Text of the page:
Barack Obama is fighting a losing battle to defend his foreign policy—and the latest blow has come from inside his own cabinet.

Today, new Defense Secretary Ash Carter went on the record as a critic of the three year plan to defeat ISIS contained in President Obama’s request for use of continued military force in the Middle East.

“I wouldn’t assure anyone that this will be over in three years or that the campaign will be completed in three years,” Carter said, before admitting that he understands why that sort of timeline was included in the request.

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He said the three-year sunset “is not something that I would have deduced from the Department of Defense’s necessities, the campaign’s necessities, or our obligation to the troops.”

He added: “I think it has to do with the political calendar in our country. I understand that. That’s a constitutional issue wherein the executive branch and the legislative branch share responsibility for the conduct of military operations.”

Carter recently took the helm of the Defense Department, replacing Chuck Hagel whose tenure was marked by disagreements with the Obama administration.

While Congress is weighing the request for military authorization, the president already has launched airstrikes and other military actions in Iraq and Syria. The White House nevertheless committed to putting the issue to a vote.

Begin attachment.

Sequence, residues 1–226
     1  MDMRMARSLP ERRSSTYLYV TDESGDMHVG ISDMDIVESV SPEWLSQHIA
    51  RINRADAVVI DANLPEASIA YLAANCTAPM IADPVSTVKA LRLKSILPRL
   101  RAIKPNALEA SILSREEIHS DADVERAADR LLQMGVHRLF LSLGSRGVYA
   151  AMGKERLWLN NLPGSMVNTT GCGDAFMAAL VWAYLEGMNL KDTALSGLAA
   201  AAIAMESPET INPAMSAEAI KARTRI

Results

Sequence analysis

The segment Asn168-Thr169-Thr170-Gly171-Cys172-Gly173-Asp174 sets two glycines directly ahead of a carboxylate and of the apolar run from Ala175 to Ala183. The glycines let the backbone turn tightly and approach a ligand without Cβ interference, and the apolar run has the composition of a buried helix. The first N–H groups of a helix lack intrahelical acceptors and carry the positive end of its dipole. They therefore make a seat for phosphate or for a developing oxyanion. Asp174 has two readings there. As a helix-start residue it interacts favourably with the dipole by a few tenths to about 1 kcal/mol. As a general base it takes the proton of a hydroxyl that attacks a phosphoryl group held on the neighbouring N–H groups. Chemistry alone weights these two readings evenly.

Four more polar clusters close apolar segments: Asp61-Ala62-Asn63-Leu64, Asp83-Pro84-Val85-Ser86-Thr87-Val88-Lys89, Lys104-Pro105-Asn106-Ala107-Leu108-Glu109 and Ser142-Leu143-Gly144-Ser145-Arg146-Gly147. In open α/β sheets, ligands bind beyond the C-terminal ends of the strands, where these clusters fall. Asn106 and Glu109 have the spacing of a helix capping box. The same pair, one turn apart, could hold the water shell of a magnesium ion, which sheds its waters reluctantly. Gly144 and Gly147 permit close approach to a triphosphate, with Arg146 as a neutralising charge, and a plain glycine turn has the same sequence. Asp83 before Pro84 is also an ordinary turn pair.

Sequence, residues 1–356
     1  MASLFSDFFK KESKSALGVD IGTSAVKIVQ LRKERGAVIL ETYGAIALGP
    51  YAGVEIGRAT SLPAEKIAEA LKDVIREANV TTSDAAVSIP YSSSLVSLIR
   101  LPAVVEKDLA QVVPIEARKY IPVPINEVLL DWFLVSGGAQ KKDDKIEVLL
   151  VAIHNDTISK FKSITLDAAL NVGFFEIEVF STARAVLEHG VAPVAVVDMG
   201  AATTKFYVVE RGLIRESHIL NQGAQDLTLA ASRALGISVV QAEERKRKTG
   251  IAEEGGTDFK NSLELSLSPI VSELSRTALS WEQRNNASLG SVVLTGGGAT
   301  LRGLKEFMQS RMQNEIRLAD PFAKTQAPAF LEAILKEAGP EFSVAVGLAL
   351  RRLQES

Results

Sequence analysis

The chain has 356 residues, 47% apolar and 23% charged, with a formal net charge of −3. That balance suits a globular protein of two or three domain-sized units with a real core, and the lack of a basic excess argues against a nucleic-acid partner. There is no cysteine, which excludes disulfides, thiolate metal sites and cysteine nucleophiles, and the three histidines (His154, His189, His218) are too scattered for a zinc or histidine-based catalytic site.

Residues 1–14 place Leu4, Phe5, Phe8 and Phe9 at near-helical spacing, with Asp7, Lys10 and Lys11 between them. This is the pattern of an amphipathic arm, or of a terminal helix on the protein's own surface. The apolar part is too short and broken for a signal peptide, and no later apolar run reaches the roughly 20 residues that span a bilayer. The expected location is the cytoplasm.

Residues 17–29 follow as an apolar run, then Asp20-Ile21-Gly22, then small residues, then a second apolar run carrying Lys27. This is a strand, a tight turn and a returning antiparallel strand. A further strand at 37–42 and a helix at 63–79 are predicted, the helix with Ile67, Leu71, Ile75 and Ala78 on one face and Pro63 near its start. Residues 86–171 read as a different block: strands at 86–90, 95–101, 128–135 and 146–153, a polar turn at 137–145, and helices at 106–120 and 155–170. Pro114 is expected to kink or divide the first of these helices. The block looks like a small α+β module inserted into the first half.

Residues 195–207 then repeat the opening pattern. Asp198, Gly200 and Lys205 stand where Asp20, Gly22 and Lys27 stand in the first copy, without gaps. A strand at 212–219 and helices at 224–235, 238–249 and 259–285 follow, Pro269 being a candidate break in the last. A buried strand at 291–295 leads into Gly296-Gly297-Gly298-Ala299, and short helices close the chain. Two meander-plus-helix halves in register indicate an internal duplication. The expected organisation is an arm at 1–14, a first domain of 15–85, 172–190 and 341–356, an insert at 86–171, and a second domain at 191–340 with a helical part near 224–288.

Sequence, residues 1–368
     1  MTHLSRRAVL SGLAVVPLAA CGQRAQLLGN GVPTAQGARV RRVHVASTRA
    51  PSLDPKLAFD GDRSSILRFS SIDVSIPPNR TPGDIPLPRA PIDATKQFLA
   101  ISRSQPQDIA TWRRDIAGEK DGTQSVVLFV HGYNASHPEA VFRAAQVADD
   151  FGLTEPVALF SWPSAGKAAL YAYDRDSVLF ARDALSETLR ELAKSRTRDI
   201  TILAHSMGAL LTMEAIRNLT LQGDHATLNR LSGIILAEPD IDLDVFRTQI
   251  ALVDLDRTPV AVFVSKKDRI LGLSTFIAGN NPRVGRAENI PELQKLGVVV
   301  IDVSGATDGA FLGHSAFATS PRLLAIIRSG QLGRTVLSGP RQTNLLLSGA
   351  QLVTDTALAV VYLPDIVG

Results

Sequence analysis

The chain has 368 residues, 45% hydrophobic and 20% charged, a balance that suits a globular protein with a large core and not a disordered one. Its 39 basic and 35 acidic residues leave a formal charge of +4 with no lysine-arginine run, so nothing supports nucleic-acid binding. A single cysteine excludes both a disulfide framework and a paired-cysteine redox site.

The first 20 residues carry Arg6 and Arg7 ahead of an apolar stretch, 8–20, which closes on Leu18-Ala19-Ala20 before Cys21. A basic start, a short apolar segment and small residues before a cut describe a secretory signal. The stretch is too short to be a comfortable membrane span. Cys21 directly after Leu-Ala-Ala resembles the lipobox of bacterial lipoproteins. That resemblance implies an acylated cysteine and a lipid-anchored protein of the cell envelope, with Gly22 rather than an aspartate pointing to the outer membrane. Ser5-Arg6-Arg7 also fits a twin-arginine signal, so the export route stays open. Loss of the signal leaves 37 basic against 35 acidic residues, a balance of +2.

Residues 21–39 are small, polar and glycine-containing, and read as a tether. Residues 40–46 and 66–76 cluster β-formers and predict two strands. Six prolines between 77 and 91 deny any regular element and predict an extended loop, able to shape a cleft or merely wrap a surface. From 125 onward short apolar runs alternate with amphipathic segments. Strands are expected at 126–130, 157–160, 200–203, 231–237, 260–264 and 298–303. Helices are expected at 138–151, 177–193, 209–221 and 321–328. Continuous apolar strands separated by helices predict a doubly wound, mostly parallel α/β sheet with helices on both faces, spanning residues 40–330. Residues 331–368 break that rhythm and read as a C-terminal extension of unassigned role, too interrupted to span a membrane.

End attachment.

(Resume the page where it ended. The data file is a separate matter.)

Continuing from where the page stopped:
Asked Wednesday if he thinks additional U.S. troops will be needed in Iraq, or whether U.S. troops would be introduced in Syria, Carter left the door open.

“That is a question that will hinge upon what is required for success there,” he said.

This isn’t the first time we’ve seen a DefSec push back against the aspirational foreign policy goals of the Obama Administration. Before he was sloppily deposed, Chuck Hagel went on the record several times with information that contradicted the Administration’s talking points about ISIS, Syria, and the continuing regional conflicts in the Middle East. Hagel refused to downplay the threat that ISIS poses to the international community, and both he and Joint Chiefs Chairman Martin Dempsey remained publicly at odds with the Administration over pledges to keep US troops out of combat.

Carter is now in the same boat, but he’s taken it a step further by criticizing the one provision in President Obama’s request that served to ease the fears raised by yet another foray into Middle Eastern conflict.

Obama is quickly losing control of any remaining influence he has on the international stage, and it’s not the fault of Carter, or Netanyahu, or any other Choose Your Own Fall Guy©; but if there’s one thing we’ve learned over the past few weeks, it’s that control is the one thing this Administration thrives on. It doesn’t matter if we’re looking at good plans, bad plans, or no plan at all, as long as they are the ones with control over the direction of the speeding train.

Carter has done more here than challenge a talking point; what he’s done is shine light on the non-strategy used by the Administration to cook up this authorization. Their choices had nothing to do with the needs of the mission, but everything to do with what would make Obama look good before an increasingly hostile audience.